Chancellor Rishi Sunak has announced a government-backed insurance scheme for events worth more than £750 million.
The government has partnered with Lloyd’s to deliver the Live Events Reinsurance Scheme as part of the Plan for Jobs. The scheme will see the government act as a ‘reinsurer’ – stepping in with a guarantee to make sure insurers can offer the products events companies and organisers need.
The scheme will support live events across the UK that are open to the general public - such as music festivals and business events. It will cover costs incurred in the event of cancellation due to the event being legally unable to happen due to Government Covid restrictions.
A number of prominent insurers in the Lloyd’s market, including Arch, Beazley, Dale, Hiscox and Munich Re, are supporting the scheme, which will provide events companies with the option of purchasing cover from next month, alongside standard commercial events insurance.
Rishi Sunak said: "The events sector supports hundreds of thousands of jobs across the country, and I know organisers are raring to go now that restrictions have been lifted. But the lack of the right kind of insurance is proving a problem, so as the economy reopens I want to do everything I can to help events providers and small businesses plan with confidence right through to next year.
"With this new insurance scheme, everything from live music in Margate to business events in Birmingham can go ahead with confidence, providing a boost to the economy and protecting livelihoods through our Plan for Jobs."
The Live Events Reinsurance Scheme is a cost indemnification scheme which protects against costs incurred due to the event being legally unable to happen due to Government Covid restrictions.
If events do have to cancel, after organisers have covered the agreed excess, the government and insurers have an agreed a risk share per claim. This starts with government paying 95 per cent and insurers 5 per cent, progressing to them covering 97 per cent and 3 per cent respectively and finally government covering 100 per cent of costs. The split depends on the losses incurred by the insurer from the scheme to date.
The scheme will be available from September 2021 and run until the end of September 2022.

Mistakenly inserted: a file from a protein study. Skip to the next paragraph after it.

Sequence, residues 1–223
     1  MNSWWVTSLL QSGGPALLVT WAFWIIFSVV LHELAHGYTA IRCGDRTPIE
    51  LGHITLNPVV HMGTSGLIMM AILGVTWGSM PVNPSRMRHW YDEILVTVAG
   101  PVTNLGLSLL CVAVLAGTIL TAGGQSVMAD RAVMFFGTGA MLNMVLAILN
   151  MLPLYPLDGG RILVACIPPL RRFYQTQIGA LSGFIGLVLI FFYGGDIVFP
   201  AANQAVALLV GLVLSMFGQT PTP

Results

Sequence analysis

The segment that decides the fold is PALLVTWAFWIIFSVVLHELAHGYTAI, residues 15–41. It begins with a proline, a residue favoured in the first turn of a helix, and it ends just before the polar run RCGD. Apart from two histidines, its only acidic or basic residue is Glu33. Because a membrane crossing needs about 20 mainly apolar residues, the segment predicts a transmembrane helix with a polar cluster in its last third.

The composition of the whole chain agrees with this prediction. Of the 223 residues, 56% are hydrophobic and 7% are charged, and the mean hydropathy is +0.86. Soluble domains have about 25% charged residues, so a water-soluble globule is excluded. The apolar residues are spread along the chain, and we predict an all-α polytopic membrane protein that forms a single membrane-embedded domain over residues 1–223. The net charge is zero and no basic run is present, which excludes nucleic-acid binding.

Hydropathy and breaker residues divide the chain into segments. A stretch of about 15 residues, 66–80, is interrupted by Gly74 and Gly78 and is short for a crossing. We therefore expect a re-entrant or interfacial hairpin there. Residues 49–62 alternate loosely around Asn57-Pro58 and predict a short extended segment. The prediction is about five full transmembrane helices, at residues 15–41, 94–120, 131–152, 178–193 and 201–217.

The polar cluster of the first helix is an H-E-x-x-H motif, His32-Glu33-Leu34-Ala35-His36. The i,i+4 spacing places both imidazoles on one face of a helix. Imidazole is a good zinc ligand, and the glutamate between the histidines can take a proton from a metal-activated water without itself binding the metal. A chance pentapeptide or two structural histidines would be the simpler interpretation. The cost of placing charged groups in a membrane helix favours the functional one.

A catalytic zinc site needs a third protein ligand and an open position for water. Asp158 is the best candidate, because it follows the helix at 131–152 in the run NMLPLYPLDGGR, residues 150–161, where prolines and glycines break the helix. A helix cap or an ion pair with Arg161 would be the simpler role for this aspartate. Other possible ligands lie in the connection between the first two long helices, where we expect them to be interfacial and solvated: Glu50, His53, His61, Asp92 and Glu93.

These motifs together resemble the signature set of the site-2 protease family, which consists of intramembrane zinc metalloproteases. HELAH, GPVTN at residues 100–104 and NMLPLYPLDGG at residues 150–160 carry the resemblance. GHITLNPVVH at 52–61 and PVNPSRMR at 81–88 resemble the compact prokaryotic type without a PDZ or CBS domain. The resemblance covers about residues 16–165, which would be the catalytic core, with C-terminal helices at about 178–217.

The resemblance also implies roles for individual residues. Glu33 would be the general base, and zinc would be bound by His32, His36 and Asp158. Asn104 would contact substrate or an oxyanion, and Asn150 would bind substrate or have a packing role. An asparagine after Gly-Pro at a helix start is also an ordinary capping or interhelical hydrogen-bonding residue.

Jane Longhurst, chief executive of Meetings Industry Association, said: "Through our ongoing surveillance of the industry we’re acutely aware of the impact an insurance indemnification scheme will have on the sector, with almost two-thirds of venues (61 per cent) surveyed in August 2020 highlighting the need for this to be introduced.
"In the same year, almost all venues (92 per cent) had zero cover for their lost business, of which for the average venue was a significant £2,398,600.
"Providing reassurance to risk-averse event organisers will be critical in the return of more recognisable booking numbers and the stimulation of the sector’s circular economy, benefitting venues, hotels, destinations, caterers and a diverse range of suppliers within the supply chain.
"The recognition of the business meetings and events sector in this scheme is total acknowledgement of the role it has in supporting the UK’s economic recovery, and we’re confident that the sector can now serve as a catalyst."
Chris Skeith, CEO of the EIA (Events Industry Alliance) said: "The EIA, comprising of AEO, AEV and ESSA, welcome the Chancellor’s announcement of a new Covid Cancellation Insurance Scheme. The exhibitions sector has been significantly impacted during the pandemic with forced cancellations due to government and local authority restrictions. While we understand the necessary public health restrictions that have been in place, the impact on the sector has been devastating. The uncertainty caused by the pandemic has undermined the insurance market for our sector.
"This government-backed insurance scheme will bring some much needed confidence to a sector, and its supply chain, which often acts as the UK’s shop window to the world, and allow the industry to rebuild itself despite the continued uncertainty pandemics bring. Our members provide trading platforms for over 180,000 businesses, fuelling trade and economic impact across the UK and across every market sector, and we look forward to playing our part in driving the UK’s economic recovery. This new insurance scheme will hopefully play an important role in our ability to do that as we reopen in a safe and responsible manner."
Culture secretary Oliver Dowden said: "Our events industries are not just vital for the economy and jobs; they put Britain on the map and, thanks to this extra support, will get people back to the experiences that make life worth living."
M&IT editor Paul Harvey is a journalist with more than 15 years of experience. He began his career in the local press, working for various titles across the north. Since joining M&IT in 2013, he has become a trusted and respected voice in the sector, championing event professionals and reporting on all aspects of the events industry for the brand.